*** Update ***
We’d like to say a huge thank you to everyone who donated to Charlie’s appeal. He’s now met his fundraising target for a specialist seating system!
Charlie wanted to share this message: “I would like to say a great big thank you to you – Children Today – and to everyone who donated for my chair. It was just amazing to get the amount for my chair! From the bottom of my heart, thank you very much ❤️”
Charlie’s mum and dad, Olivia and Iain add: “We are quite simply overwhelmed by the kindness and generosity of strangers, friends and family. We never imagined we would get anywhere near the amount needed in a week! We still can’t quite believe it!
“Charlie and his brother didn’t have the easiest of starts to life and the daily battles we face for Charlie can at times be exhausting and worrying. It’s hard to find words to express what this means to us as a family, and how much it will add to Charlie’s quality of life and wellbeing.
“Charlie can get very upset and frustrated about his disability and the way it limits and affects his life. This process has been very positive in that it has made him feel good about himself. He’s seen and felt how willing people are to help him and that can only mean good things for his future. His twin brother Evan has also felt it, and having seen the support from his own friends, he too has come away feeling incredibly positive.
“The difference you have ALL made is huge, THANK YOU SO VERY MUCH ❤️”
Thank you to everyone who donated, shared and helped make this happen for Charlie from everyone at Children Today!
*** Ends ***
Charlie Hall, aged 14, from Scarborough, has quadriplegic cerebral palsy, leaving him with complex needs, and his family are desperate for a new seating system as he has outgrown his old P-Pod chair.
Children Today has pledged £1,000 towards the cost of the seating system, and helped launch a fundraising appeal for the remaining funds needed to get this vital equipment.
His mum, Olivia Stirling says:
“Charlie’s had a really difficult journey. He was born eight weeks prematurely along with his twin brother, Evan, weighing just four pound four ounces.
“The boys had Twin-twin transfusion syndrome (TTTS), which wasn’t spotted in the early stages of the pregnancy, but once it was I was heavily monitored and spent eight weeks in hospital miles from home before they were born. The doctors decided that they would need to be delivered early to give them a greater chance of survival.”
TTTS affects identical twins who share a placenta and results in an imbalanced blood flow, leaving one baby with a greater blood volume than the other, which effects their growth and development in the womb.
“Charlie was actually the bigger twin – known as the donor in TTTS twins – he was receiving more of the blood, and seemed to be developing well, but Evan was just two pounds four ounces when he was born.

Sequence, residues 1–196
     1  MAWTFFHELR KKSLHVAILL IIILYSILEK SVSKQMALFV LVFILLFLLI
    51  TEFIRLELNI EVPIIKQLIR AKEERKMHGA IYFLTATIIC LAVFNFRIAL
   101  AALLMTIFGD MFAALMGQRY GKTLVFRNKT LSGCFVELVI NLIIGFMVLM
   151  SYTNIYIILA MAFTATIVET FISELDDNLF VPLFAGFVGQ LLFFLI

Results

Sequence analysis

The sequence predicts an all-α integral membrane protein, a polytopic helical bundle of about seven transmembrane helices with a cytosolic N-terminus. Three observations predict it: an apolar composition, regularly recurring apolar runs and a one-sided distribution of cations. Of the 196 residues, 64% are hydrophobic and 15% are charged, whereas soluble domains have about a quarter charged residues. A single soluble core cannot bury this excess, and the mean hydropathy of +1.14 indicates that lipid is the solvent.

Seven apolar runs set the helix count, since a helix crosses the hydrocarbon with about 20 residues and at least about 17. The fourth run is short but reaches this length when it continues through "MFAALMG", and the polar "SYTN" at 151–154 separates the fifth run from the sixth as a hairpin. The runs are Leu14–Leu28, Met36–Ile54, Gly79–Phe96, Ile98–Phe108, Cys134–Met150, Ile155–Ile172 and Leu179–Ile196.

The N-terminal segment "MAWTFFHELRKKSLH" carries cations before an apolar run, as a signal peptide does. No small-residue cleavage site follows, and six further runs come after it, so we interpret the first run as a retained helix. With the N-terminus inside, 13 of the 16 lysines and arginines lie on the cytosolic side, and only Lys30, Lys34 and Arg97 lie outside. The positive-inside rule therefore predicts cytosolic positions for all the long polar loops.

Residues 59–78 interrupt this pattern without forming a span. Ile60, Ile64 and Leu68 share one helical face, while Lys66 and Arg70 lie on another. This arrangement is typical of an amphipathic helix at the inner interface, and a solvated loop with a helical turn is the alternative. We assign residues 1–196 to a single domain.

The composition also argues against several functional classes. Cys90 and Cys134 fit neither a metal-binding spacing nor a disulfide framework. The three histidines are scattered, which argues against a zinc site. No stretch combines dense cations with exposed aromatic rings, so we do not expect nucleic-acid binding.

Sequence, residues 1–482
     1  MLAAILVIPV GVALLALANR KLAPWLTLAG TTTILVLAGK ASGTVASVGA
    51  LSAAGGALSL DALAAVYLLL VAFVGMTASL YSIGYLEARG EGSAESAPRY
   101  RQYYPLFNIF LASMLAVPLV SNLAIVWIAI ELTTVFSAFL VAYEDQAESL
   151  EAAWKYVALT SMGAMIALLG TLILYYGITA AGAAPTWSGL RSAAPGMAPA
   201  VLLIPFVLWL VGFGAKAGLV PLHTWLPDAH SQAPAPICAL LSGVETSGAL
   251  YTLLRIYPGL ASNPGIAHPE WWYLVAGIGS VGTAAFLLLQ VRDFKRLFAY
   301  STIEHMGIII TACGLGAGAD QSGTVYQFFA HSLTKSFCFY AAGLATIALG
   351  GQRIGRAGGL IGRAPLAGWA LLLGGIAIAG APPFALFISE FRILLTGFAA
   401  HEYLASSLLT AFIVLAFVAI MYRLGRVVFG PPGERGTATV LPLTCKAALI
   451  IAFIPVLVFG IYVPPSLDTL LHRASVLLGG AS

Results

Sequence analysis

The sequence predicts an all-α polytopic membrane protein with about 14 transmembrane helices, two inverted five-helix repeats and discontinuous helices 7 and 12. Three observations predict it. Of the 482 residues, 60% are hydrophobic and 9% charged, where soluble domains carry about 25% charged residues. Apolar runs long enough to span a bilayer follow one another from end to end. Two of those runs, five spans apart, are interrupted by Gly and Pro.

“Both boys spent a lot of time in intensive care and several weeks on the neonatal unit, and despite being the bigger twin, Charlie was very poorly. Against all odds Evan thrived, but Charlie was struggling.
“In those early days he cried a lot and we had lots of difficulties with feeding and sleep. Then at just seven months old Charlie was diagnosed with cerebral palsy and our world imploded.”
Initially it was not clear what Charlie’s long-term needs would be. The family had to take each day as it came, but it soon became apparent that Charlie’s needs were very complex.
“Charlie is quadriplegic, meaning all four of Charlie’s limbs are affected, so there’s very little he can do for himself and because of the spasms and stiffness caused by the cerebral palsy he’s often in pain and discomfort. Despite all that though, he’s such a bright, happy and sociable boy. He understands everything and speaks well, though his speech can be affected by his medication.”
In 2021 Charlie underwent orthopaedic surgery to help improve his range of movement and prevent his hips from dislocating, and try to relieve some of the pain and discomfort he experiences when he has spasms in his legs and lower back.
Charlie was given a seating system by the NHS to help manage his postural needs and cater for functional activities such as mealtimes and educational activities. However, it offers little comfort and the P-Pod chair he has been using is no longer big enough for him.
“We have to carefully manage Charlie’s physical needs to help ease tightness and stiffness throughout his body, he has a strict 24-hour postural management plan and without the P-Pod chair Charlie’s comfortable options are very limited.
“He can lie in his bed, but that means he’s excluded from the family, and Charlie loves nothing more than to be around people.
“Charlie absolutely loves football and music, he needs constant entertainment. Given the chance he’s the sort of boy who would always be on the go – playing sport and practising music, he would love to be able to play the piano. But unfortunately those things aren’t an option for Charlie.”
“I feel we owe it to Charlie to fight to give him the best possible quality of life. It breaks my heart when he tells me ‘I wish I could be a normal boy’ and know how hard it must be for him having such a bright mind but a body that doesn’t allow him the things he dreams of doing.
“Charlie is such a ‘people person’ and this chair would mean he can be with us all as a family, comfortably and safely. Unfortunately though these things come with a huge price tag, which is why we turned to Children Today for help.”
Any funds raised over and above what we need to provide this equipment will go towards helping fund vitally important equipment for other children and young adults with a disability or life-limiting condition.